Flood Risk and Urban Water Management

Today, more than half of the world’s population lives in cities and this urbanisation process is expected to continue. Most large urbanisations are located along rivers and along the shorelines of oceans. Flood risk may originate from high river discharges and peak flows, sea level rise, as well as from extreme storms. As the river basins are often densely populated or used for agricultural purposes, nowadays full attention is given to flood risk assessment and flood risk reduction.

In particular in developing countries cities grow fast, but the development of urban infrastructure lags behind. Drainage systems are often under-dimensioned to drain the expanded areas and not properly maintained and cleared, thus causing hydraulic congestion and flooding. At the same time the climate is changing and weather is getting more extreme, with locally extreme storms and higher rainfall intensities. Urbanisation in combination with climate change accelerates the problems; flooding is becoming a reoccurring event in many cities, damages increase, and the number of casualties grows.

An integrated approach is recommended to achieve sustainable development of the basin, while maximizing the net benefit from the floodplains or the river basin. Important part of this approach is effective operating of the flood control structures in the system, reliable forecasting of floods and early warning measures.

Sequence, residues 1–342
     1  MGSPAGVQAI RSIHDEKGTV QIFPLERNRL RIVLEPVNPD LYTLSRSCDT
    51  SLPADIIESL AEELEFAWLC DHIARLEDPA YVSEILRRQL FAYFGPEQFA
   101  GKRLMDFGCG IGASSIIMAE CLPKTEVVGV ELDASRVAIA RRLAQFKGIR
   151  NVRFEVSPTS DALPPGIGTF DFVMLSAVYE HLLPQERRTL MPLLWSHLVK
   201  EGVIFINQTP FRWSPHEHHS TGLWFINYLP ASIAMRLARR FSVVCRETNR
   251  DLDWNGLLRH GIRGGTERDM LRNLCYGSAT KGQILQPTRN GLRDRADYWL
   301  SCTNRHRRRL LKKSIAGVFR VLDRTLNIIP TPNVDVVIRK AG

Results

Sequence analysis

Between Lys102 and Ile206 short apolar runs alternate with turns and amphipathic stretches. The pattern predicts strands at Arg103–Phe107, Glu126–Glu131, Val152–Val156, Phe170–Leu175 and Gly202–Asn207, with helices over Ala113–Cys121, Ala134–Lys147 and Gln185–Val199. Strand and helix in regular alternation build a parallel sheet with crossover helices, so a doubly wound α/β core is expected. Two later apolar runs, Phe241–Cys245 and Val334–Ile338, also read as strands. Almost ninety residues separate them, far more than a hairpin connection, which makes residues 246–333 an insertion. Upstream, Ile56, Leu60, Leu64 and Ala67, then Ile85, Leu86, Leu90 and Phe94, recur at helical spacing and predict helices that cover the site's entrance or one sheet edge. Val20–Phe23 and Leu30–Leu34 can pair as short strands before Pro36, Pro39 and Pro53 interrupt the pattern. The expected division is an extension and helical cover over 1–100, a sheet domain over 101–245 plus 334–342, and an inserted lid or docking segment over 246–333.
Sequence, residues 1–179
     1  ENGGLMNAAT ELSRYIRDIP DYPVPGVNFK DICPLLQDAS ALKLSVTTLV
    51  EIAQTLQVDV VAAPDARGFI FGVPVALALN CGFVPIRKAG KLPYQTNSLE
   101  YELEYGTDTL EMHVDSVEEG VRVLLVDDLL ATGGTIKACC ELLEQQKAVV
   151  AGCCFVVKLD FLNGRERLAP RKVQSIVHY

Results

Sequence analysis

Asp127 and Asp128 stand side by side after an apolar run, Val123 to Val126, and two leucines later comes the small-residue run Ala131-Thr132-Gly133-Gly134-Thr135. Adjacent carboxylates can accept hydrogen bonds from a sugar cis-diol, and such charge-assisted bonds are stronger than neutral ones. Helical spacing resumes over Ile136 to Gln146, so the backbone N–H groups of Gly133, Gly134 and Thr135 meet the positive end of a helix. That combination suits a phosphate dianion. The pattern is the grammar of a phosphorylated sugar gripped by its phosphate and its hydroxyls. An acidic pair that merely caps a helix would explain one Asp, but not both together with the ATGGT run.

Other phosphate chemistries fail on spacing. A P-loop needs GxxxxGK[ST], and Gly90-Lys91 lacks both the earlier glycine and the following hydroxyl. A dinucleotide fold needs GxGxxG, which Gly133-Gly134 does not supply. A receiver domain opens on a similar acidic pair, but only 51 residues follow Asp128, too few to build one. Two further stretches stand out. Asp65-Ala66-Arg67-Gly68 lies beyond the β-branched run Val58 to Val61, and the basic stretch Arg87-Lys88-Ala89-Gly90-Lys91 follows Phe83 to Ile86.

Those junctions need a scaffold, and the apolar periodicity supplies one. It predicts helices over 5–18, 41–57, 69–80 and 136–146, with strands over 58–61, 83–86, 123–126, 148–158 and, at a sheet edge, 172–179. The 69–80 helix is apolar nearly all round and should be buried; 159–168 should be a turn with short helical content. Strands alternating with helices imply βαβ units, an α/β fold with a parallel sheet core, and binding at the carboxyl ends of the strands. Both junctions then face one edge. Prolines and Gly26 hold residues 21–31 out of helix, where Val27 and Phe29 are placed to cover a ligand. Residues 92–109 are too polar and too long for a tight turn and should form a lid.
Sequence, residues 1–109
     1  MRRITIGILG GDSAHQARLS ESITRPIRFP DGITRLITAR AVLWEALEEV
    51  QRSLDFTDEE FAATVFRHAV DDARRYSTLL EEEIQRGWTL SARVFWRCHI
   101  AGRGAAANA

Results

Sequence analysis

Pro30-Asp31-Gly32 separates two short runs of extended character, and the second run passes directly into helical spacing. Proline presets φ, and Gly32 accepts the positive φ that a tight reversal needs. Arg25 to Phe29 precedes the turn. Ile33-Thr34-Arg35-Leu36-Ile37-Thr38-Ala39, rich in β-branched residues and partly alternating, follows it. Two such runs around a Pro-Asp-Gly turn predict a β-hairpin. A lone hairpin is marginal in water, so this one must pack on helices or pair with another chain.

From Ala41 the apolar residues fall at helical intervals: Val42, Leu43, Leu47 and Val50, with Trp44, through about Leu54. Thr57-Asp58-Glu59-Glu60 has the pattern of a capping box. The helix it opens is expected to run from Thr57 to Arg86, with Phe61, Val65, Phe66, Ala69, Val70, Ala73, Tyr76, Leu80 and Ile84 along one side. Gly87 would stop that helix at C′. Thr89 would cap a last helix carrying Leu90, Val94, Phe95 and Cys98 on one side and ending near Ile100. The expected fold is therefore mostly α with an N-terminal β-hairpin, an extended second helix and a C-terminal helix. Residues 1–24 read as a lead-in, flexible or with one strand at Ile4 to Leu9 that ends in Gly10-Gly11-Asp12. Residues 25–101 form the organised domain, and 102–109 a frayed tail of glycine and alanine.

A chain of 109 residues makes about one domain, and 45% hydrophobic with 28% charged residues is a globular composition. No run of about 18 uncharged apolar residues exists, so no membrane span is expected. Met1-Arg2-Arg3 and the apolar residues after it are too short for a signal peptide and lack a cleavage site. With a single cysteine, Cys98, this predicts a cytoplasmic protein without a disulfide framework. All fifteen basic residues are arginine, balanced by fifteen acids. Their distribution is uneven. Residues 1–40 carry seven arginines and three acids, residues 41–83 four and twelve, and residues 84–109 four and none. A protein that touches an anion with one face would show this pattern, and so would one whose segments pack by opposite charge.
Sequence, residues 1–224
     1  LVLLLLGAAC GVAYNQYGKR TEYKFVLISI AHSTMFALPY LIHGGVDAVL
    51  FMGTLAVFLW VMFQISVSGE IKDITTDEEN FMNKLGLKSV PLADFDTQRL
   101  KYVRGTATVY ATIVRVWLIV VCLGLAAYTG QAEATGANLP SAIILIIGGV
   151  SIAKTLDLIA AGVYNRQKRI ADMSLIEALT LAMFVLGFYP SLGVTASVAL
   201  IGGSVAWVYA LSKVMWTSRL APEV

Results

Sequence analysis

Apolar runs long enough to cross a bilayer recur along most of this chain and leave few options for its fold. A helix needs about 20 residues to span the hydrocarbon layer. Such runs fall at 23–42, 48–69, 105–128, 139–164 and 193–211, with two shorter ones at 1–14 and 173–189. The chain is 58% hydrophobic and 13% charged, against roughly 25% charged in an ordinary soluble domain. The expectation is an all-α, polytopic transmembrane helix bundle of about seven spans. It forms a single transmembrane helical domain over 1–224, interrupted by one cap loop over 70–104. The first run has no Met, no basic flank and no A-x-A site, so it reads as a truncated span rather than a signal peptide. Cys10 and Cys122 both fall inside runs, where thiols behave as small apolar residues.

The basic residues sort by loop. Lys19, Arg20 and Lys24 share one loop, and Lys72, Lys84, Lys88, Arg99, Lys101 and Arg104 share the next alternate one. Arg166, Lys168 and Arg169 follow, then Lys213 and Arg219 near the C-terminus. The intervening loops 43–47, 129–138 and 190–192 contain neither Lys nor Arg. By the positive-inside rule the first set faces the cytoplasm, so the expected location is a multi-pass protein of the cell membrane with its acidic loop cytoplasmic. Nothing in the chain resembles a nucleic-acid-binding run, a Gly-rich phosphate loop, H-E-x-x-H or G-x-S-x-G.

This calls for the development of sustainable urban drainage systems (SUDS) which can deal with large shares of paved or roofed areas. These urban areas have lost their ability to absorb precipitation (less infiltration, groundwater recharge and evapotranspiration) which is often the problem source.

Our urban drainage engineering focusses on an integrated and step-wise approach to design cost effective systems with low environmental impact to drain away and manage surface water run-off through collection, conveyance, retention and storage. These systems can be developed both on small (plot size) and large (cities) scales. It is essential that all stakeholders will be closely involved during the design, implementation and maintenance management process. The approach we adopt implies carrying out the next steps:

  • Mapping the catchment areas, identifying the sub-catchments, making a terrain model detailing the terrain topography, morphology and relevant features;
  • Mapping the present drainage system with all its components and dimensions;
  • Collecting hydrologic, land-use and soil data;
  • Setting up a simulation model for the present drainage system to identify the bottlenecks;
  • Evaluating various design alternatives to take out the bottlenecks (in an iterative way), in close collaboration with the stakeholders and the Client;
  • Preparing designs for the preferred option.

Solution options should not only focus at re-dimensioning the drainage network, but equally consider source handling (reducing run-off, upstream rerouting, temporary storage), impact reduction (measures to reduce casualties and damages), and maintenance. We are seeking for the right balance between conveyance and retention.

CDR has the engineers and specialists to find solutions for (urban) drainage problems.